Heretofore, the laws governing municipal elections have been contained in the charters of the more than 400 incorporated towns and cities in Georgia. These charter provisions as to elections have been amended from time to time. . . . As a consequence, there have been as many or more variations in the municipal election laws in Georgia as there are municipalities.
. . . . .
At the 1968 Session of the General Assembly of Georgia, there was enacted the "Georgia Municipal Election Code," . . . which codifies and makes uniform throughout the State (with certain options hereinafter noted) municipal election laws.
. . . . .
In view of the variety of laws which heretofore existed, no effort will be made herein to set forth the prior laws superseded by the Municipal Election Code. In view of its comprehensive nature, the Municipal Election Code when read in sequence is comprehensible, and therefore only its more significant features will be discussed herein.
The State then provided a list of the major areas in which this Code differed from the general election code governing nonmunicipal elections. In this list, the State referred to § 34A-1407 as follows:
Whether the majority or plurality rule is in effect in the municipal election will depend upon how the municipality's charter is written at present or may be written in [the] future (i.e., charter may provide that the top 3 or top 5, etc., be elected as city commissioners).
On July 11, 1968, the Attorney General responded to the State's submission, objecting to certain provisions of the 1968 Statewide Code. No objection was interposed regarding § 34A-1407(a)
Three years later, in 1971, the General Assembly enacted a comprehensive revision of the City of Monroe's charter. Section 2.03 of the 1971 charter reads in pertinent part:
The candidate for mayor who receives a majority of votes cast in said election and the two candidates for councilmen who receive a majority of votes cast in their respective elections shall be elected for terms of office of two years each and until their successors are duly elected and qualified.
1971 Ga. Laws 3221, 3227. Like the 1966 charter revision, Section 2.03 was neither submitted to the Attorney General nor made the basis of a declaratory judgment action before the District Court for the District of Columbia.
In 1976, two black citizens of Monroe brought a § 5 suit against the City, alleging that neither the majority-vote provision of the 1966 Charter nor the majority-vote provision of the 1971 Charter had been precleared according to the mandates of the Act. In addition, the plaintiffs complained that three annexation ordinances had not been properly precleared. On July 29, 1976, a three-judge panel agreed with the plaintiffs, holding that "[t]he enactment of a majority vote requirement is subject to section five, and those laws cannot therefore be further utilized until its procedures have been followed." Howard v. Board of Commissioners of Walton County, No. 75-67-ATH, slip op. at 3 (M.D.Ga. July 29, 1976). Accordingly, the three-judge panel enjoined enforcement of "[t]hose parts of [the 1966 and 1971 Charters] which provide for election of the mayor and councilmen of the City of Monroe by majority vote. . . ." Id. at 5. The panel similarly held that the annexations had not been precleared as required and, therefore, that defendants were enjoined from enforcing the ordinances effecting the annexations.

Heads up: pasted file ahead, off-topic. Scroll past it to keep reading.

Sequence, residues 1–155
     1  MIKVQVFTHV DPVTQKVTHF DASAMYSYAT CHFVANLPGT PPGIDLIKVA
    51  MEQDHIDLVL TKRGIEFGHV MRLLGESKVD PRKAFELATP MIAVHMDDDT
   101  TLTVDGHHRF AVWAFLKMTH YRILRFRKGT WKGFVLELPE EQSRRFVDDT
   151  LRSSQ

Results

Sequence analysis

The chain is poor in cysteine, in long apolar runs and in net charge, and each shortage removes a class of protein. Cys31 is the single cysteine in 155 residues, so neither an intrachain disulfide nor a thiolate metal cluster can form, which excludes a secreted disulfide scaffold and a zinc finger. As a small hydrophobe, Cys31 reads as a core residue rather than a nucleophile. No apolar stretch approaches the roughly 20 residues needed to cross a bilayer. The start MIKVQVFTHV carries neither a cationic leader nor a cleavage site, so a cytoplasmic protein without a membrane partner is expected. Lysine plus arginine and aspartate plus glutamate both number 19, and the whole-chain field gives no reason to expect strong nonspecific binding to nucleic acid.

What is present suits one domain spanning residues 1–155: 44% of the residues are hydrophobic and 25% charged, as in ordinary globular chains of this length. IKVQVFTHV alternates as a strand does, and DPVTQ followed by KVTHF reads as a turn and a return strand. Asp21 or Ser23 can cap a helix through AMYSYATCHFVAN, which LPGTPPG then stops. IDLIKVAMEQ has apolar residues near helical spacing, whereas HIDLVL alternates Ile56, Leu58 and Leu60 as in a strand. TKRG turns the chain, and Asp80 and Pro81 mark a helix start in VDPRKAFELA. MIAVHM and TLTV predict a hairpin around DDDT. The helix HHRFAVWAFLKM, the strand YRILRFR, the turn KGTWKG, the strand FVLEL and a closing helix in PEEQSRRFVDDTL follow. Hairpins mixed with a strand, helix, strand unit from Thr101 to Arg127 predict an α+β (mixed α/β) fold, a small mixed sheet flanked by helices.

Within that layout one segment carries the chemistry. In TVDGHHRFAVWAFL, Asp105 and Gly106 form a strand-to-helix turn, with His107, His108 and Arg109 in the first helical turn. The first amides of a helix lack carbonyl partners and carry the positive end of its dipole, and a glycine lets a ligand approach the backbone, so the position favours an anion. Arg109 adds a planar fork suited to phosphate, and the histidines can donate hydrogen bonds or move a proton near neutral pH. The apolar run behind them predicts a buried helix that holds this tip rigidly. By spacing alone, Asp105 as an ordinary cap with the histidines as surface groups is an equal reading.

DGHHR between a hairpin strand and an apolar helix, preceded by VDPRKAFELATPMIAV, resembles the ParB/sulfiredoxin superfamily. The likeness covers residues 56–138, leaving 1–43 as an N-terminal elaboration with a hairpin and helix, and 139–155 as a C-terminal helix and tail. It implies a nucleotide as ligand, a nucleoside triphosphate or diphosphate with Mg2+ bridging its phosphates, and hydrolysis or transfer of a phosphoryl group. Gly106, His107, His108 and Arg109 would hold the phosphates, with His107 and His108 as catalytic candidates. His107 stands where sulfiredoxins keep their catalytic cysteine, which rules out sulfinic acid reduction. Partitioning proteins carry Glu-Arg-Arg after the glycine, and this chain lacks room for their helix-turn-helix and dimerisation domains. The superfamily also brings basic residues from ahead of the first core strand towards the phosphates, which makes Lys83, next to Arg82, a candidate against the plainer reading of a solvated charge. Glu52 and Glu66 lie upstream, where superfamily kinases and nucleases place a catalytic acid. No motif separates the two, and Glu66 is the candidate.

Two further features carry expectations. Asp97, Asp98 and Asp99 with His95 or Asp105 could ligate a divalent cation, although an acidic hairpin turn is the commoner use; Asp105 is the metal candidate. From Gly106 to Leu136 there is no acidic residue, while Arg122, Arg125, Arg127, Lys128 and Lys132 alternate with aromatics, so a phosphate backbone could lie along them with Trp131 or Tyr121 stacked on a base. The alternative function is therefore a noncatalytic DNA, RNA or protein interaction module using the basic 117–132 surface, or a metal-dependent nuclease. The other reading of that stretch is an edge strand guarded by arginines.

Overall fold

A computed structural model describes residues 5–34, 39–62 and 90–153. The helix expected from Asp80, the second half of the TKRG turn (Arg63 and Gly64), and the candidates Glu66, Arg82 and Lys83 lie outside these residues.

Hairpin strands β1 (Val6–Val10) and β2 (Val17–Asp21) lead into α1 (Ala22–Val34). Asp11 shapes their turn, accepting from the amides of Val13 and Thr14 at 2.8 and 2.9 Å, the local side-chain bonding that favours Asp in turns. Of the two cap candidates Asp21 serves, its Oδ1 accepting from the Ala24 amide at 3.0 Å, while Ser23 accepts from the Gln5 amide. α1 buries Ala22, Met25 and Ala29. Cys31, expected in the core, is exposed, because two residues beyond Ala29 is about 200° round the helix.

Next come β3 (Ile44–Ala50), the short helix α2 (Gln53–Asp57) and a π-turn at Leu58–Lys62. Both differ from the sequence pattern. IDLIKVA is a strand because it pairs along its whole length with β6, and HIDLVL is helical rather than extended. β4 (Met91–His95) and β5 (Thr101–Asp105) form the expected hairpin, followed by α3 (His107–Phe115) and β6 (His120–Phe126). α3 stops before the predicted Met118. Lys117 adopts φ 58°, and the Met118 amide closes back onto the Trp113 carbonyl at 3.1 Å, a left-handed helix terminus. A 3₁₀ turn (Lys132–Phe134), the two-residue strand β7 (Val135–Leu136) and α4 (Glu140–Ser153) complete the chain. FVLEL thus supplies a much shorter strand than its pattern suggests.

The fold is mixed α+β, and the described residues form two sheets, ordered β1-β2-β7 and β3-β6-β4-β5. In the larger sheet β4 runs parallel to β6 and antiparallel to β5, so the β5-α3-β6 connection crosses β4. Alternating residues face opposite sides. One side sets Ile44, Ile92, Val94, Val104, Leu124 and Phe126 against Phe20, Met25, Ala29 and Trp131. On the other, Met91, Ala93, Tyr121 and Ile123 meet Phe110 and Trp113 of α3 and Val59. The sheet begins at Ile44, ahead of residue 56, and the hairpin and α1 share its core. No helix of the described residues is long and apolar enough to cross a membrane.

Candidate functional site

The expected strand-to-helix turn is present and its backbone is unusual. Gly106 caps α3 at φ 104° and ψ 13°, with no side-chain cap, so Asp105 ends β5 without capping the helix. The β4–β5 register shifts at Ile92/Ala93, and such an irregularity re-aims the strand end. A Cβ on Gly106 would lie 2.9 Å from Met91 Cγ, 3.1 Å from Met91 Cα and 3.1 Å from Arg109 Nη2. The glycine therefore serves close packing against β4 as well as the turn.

In its order, the three-judge panel noted that the City claimed that even if enforcement of the 1966 and 1971 charter provisions was enjoined, the 1968 Statewide Code mandated majority-vote elections in all cities except those whose charter provided otherwise. "This general statute was enacted in 1968, [1968 Ga. Laws 885]," noted the panel, "and according to the parties has been approved by the Attorney General pursuant to section five." Id. at 4. The panel wrote, "The application of this general law in this instance and the resolution of this issue does not require a three-judge court." Id. Accordingly, the case was remanded to the originating judge for further proceedings consistent with the panel's opinion.
When the parties made this representation to the court, they did not have the benefit of the Supreme Court decision in City of Rome v. United States, 446 U.S. 156, 100 S.Ct. 1548, 64 L.Ed.2d 119 (1980), which was not decided until almost four years later. In City of Rome, the Court held that the preclearance of the 1968 Statewide Code did not preclearance the majority-vote provision in the several municipalities. See discussion in Part V.A. infra.
On July 29, 1976, the originating judge issued an order responding to the panel's request. With respect to the City of Monroe, the judge wrote:
The issue concerning the city is whether a majority or plurality vote is required for the election of mayor and councilmen.
The 1971 city charter,  Ga. Laws 3221, 3227, and an amendment to the predecessor charter,  Ga. Laws 2458, provided for the election of the mayor and council by a majority vote. Both of these statutes having been declared unenforceable under section five, the remaining city charter is silent as to whether a plurality or majority vote is required. The parties agree that the city conducted plurality elections until enactment of  Ga. Laws 2458.
Georgia's Municipal Election Code, Ga. Code Ann. § 34A-1407(a), provides:
If the municipal charter or ordinance, as now existing or as amended subsequent to the effective date of this subsection, provides that a candidate may be nominated or elected by a plurality of the votes cast to fill such nomination or public office, such provision shall prevail. Otherwise, no candidate shall be nominated for public office in any primary or elected to public office in any election unless such candidate shall have received a majority of the votes cast to fill such nomination or public office.